Other relevant retrofit strategiesIt is an important feature of this project that it is designed to be applied to an occupied dwelling. It builds on Penwith HAs long experience of refurbishing and retrofitting existing homes and the knowledge that most tenants can cope with work to the outside of their home. Hence the external wall insulation, window & door replacement and the design of the HeatPod placing M&E equipment outside the dwelling. Although there will be internal work, it is kept to a minimum. This approach presents a much more achievable retrofit for large scale roll out than designs which require substantial internal alteration.
Contextual informationThis project is located in rural Cornwall only a few miles from Lands End, the most Westerly point in England. Despite being in an area of outstanding natural beauty, low incomes, unemployment and fuel poverty are common. The site of this project, in common with much of Penwith, does not have mains gas and can experience very severe weather in winter. The retrofit solution for this project, whilst entirely appropriate for replication in less demanding areas, is particularly suited to this type of environment.

Building services

Occupancy3 adults
Space heatingPrototype ground / air / solar source heat pump. The system utilises a Calorex ground source heat pump combined with a NIBE ventilation & heat recovery unit.. The gshp is connected to a 60m vertical ground loop installed in the rear garden. The heating system provides space heating via a wet radiator system.
Hot waterMains pressure hot water cylinder heated by the main central heating system and providing all domestic hot water.
VentilationWhole house ventilation system using a NIBE FLM ventilation & heat recovery unit. The system provides passive air supply to habitable rooms with mechanical extraction from the kitchen and bathroom.
ControlsStandard 2 channel programmer for the space heating and hot water system.
CookingBuilt in induction hob and electric oven.
LightingCFLs fitted throughout the house.
AppliancesA++ rated fridge freezer & washing machine and LED television all supplied by Currys.
Renewable energy generation system1.15 kW roof mounted Solar PV system and Ground / Air / Solar Source heat pump
Strategy for minimising thermal bridges100mm external wall insulation carefully detailed in relation to window & door openings to minimise thermal bridging. External floor edge insulation provided below ground level to reduce heat loss from concrete ground floor. Concrete 'Finlock' gutters insulated internally.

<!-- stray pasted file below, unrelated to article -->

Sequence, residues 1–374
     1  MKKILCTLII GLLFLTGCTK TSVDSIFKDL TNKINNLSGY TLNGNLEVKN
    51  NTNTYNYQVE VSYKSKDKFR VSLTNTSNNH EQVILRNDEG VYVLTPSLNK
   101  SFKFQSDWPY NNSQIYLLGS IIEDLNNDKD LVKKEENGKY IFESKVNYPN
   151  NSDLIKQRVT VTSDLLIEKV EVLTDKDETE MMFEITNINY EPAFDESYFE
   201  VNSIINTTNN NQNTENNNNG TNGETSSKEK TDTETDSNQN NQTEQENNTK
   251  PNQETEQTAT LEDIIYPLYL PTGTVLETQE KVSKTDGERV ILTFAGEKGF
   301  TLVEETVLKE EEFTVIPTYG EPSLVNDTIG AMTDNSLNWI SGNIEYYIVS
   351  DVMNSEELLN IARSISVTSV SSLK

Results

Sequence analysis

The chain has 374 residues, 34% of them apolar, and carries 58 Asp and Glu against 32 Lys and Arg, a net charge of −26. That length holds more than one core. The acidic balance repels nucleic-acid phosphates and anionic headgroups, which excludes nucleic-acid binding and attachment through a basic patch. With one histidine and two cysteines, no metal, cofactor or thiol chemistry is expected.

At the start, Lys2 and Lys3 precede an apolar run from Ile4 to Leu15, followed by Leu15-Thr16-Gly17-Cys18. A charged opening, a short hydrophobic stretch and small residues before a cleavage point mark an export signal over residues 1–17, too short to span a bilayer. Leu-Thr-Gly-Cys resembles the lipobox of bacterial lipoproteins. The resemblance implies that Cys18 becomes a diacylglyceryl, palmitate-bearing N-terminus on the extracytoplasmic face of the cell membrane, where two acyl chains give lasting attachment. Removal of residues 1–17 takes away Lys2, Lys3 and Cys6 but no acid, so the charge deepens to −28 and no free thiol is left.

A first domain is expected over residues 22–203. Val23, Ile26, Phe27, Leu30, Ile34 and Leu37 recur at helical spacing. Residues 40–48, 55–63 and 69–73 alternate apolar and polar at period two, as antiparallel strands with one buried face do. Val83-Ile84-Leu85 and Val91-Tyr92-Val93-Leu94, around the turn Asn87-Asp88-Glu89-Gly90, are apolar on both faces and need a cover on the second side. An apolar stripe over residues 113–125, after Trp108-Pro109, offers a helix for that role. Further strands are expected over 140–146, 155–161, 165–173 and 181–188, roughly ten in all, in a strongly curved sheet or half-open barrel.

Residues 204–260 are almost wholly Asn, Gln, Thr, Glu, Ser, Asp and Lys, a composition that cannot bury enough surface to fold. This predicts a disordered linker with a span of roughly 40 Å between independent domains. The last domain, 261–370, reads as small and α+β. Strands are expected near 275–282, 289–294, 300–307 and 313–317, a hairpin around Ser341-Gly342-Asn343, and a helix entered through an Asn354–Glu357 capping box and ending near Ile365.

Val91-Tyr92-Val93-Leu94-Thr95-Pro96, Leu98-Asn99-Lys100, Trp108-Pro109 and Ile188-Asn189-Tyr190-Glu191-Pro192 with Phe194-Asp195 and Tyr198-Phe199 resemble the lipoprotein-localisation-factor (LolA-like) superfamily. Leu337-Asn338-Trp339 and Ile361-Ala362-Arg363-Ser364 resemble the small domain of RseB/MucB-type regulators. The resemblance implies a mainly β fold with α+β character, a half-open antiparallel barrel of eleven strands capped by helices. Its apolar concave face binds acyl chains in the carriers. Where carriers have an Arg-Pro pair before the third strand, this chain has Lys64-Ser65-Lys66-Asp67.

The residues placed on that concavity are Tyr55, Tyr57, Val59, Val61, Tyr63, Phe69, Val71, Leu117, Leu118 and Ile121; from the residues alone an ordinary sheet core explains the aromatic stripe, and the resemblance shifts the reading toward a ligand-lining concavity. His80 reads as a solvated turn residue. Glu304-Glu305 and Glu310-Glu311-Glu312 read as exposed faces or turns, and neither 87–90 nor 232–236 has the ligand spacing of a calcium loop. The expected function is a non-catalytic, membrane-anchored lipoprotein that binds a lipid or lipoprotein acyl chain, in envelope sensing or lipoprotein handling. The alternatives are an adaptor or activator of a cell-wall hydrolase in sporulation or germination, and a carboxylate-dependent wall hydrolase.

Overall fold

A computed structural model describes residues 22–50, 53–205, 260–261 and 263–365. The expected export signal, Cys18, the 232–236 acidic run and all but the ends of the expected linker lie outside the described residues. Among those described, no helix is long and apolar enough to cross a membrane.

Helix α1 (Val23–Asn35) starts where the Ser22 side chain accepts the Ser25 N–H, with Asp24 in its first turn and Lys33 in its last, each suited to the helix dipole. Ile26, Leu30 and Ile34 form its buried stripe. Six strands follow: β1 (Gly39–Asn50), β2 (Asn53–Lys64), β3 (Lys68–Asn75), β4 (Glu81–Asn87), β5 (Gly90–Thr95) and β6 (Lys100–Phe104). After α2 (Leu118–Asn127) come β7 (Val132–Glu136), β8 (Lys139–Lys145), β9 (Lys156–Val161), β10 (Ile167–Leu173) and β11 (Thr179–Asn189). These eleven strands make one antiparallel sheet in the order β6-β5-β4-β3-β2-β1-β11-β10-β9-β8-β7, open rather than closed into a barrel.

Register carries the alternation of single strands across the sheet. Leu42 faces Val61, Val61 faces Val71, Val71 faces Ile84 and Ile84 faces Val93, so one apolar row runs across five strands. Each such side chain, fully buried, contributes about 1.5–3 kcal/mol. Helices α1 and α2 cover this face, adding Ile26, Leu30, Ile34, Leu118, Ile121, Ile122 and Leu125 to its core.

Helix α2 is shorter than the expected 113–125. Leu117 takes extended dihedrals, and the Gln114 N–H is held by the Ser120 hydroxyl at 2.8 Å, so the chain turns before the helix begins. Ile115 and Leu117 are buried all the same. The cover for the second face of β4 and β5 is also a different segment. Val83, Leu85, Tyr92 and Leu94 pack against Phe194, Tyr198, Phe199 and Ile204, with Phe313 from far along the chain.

Building construction

Storeys 2
Volume 164.35
Thermal fabric area 148
Roof description Traditional 'cut' timber roof finished with concrete plain tiles insulated internally at ceiling level with 400mm mineral wool. Roof void ventilated with previously retrofitted tile vents.
Roof U-value 0.13 W/m² K
Walls description Traditional cavity wall with two leaves of 100mm concrete blockwork and 50mm mineral wool filled cavity plastered internally and rendered externally. Retrofitted under this project with Knauf Marmorit Slimtherm 100mm external wall insulation with self coloured textured render finish.
Walls U-value 0.15 W/m² K
Party walls description Traditional cavity wall with two leaves of 100mm concrete blockwork and 50mm cavity plastered on both sides.
Party walls U-value 0.00 W/m² K
Floor description Existing concrete floor slab with t&g boarded finish and 100mm EPS floor edge insulation 500mm deep below dpc level.
Floor U-value 0.54 W/m² K
Glazed doors description Main entrance doors (front & rear) Homesafe Regency range 'Amersham' GRP composite doors with ECO Packs 1 & 2. Note: these doors have small double glazed panels.
Glazed doors U-value 1.10 W/m² K installed
Opaque doors description None fitted.
Opaque doors U-value 0.00 W/m² K -
Windows description JELD-WEN 'Dreamvu' softwood triple glazed windows with JELD-WEN colour coated aluminium sub-sills.
Windows U-value 0.70 W/m² K -
Windows energy transmittance (G-value) -
Windows light transmittance -
Rooflights description None installed
Rooflights light transmittance -
Rooflights U-value 0.00 W/m² K